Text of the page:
Rev. W.G. Wickremasinghe All wanted to send their children to Trinity when he was principal My first meeting with Rev. Dr. WGW was when I ventured in to the Principal’s office, in Trinity College Kandy in connection with my elder son’s school admission. That encounter turned out to be proverbial: “The first impressions…the most lasting”. It had [...]

The Sundaytimes Sri Lanka



Rev. W.G. Wickremasinghe

All wanted to send their children to Trinity when he was principal

My first meeting with Rev. Dr. WGW was when I ventured in to the Principal’s office, in Trinity College Kandy in connection with my elder son’s school admission.

That encounter turned out to be proverbial: “The first impressions…the most lasting”.

It had so happened that Rev Willie and my father’s elder brother, Daniel Jayaratne, had been classmates at Carey College. And it also so happened that Rev. Willie and my father, Don Samson Jayaratne died on the same day – 21/03/2009.

With time, my friendship with Rev Willie blossomed. I asked him once, “Sir, being a Baptist stalwart, how come you are Principal of Anglican Trinity?” His curt and ready reply was, “ My friend, I am here, solely at the insistence of Bishop Lakshman Wickremasinghe (then Anglican Bishop of Kurunegala) who was not prepared to take ‘no’ for an answer.” Thus had Rev. Dr. WGW switchedprincipalships from Carey to Trinity.

Mention should be made here that Trinity flourished under his principalship. A veteran educationist, Rev. Willie had the unique knack of identifying teacher talents. The focus of his emphasis was more on the quality of  grades one through five,than the GCE levels. It was the time that people thronged to admit their sons (some even daughters) to Trinity. The upshot of it was that, almost every student in the primary school when Rev. Willie was his Principal has become a person to be reckoned with in whatever country, city or town throughout the world.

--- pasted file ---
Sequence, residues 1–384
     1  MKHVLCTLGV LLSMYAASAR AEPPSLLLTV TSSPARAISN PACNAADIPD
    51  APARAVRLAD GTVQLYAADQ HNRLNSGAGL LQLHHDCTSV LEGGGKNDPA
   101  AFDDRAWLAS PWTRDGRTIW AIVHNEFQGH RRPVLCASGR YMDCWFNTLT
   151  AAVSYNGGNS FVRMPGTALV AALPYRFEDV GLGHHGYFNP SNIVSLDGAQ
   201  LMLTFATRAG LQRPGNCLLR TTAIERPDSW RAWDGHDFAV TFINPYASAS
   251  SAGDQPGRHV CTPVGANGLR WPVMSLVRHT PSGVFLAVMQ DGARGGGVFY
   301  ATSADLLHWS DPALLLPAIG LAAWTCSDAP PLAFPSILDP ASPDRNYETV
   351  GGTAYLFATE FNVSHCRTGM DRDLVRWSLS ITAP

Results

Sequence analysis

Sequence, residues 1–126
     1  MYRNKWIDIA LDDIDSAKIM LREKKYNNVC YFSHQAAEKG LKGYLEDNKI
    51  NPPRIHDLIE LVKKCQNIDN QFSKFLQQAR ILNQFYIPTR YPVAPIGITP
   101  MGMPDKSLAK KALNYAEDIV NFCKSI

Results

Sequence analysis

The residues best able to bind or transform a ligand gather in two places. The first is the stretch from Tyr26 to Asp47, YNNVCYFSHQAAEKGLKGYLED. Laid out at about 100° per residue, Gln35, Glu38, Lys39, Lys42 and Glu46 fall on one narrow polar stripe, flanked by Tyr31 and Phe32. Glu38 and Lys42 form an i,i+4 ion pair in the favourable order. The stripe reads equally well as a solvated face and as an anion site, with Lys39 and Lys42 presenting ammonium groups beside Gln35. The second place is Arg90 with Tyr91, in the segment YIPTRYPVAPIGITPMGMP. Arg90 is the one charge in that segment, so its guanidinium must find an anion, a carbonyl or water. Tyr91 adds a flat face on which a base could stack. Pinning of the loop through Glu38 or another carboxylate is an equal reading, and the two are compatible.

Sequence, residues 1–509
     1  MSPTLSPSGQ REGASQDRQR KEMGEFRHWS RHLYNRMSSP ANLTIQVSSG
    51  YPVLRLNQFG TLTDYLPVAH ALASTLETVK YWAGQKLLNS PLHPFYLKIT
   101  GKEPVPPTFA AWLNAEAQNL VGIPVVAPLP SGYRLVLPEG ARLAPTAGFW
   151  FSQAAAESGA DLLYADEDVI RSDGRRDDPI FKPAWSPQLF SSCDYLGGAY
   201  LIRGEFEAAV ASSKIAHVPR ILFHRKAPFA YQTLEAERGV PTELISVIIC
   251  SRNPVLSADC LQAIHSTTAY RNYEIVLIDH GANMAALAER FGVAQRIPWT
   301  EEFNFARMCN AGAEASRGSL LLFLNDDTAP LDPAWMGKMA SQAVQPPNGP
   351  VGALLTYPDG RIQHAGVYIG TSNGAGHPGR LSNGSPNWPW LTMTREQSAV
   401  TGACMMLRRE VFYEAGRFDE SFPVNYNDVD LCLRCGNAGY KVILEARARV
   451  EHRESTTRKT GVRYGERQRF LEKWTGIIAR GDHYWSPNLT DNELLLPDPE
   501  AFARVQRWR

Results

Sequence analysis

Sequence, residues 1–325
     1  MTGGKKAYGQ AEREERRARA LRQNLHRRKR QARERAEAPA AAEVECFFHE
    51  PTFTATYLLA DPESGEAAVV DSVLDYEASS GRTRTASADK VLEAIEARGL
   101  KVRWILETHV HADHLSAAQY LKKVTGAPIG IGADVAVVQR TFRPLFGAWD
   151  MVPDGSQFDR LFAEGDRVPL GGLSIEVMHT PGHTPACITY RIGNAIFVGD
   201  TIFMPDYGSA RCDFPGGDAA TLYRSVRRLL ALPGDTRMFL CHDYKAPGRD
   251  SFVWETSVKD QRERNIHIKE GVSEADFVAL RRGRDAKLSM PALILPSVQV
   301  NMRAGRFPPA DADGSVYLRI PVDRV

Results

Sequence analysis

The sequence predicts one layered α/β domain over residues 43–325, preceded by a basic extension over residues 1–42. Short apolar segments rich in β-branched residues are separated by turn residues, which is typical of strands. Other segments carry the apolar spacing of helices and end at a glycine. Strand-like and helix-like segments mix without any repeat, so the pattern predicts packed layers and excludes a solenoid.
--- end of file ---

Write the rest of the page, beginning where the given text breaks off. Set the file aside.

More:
The college swimming pool was Rev. Willie’s brainchild. Amidst unfounded charges and criticism he was determined to make swimming a recreation not only to the Trinitians but to outsiders as well.

The Trinity Farm in Pallekele was in disarray when Rev. Willie became principal. Funds were badly required to set up a Farm School at Pallekele. Rev. Willie contacted his friends abroad, and lo, an influx of donations emanated. The farm and its school became such a success that Trinity attained self-sufficiency in food. It’s regrettable that none of his successors could make it survive!

When Trinitian minister Gamini Dissanayake  mooted  that Asgiriya be made an international cricket stadium it was the ever unflinching support of the principal the former banked on. Rev Willie was all guts and made it come into being.

Rev. Willie’s Christian sympathy toward the lesser fortunate was edifying. He made many students free-scholars whenever the parents of such students faced financial difficulties.

However, Rev. Willie was no avatar. He had his faults. The worst was pinning faith – though innocently and in good faith- on some who ungratefully let him down. His faithful wife, Madam Iranagani  saved him from many such pitfalls. As the first lady of Trinity, Madam Irangani was hard-working and sturdy until her fateful hip injury.

To sum up, everything around Rev. Willie was spick and span. He dressed nattily even when just at home !

The Great Scorer must have written

Against the Reverend Doctor’s name:-
What with his faults
WGW was a gallant man
All-in-All !!!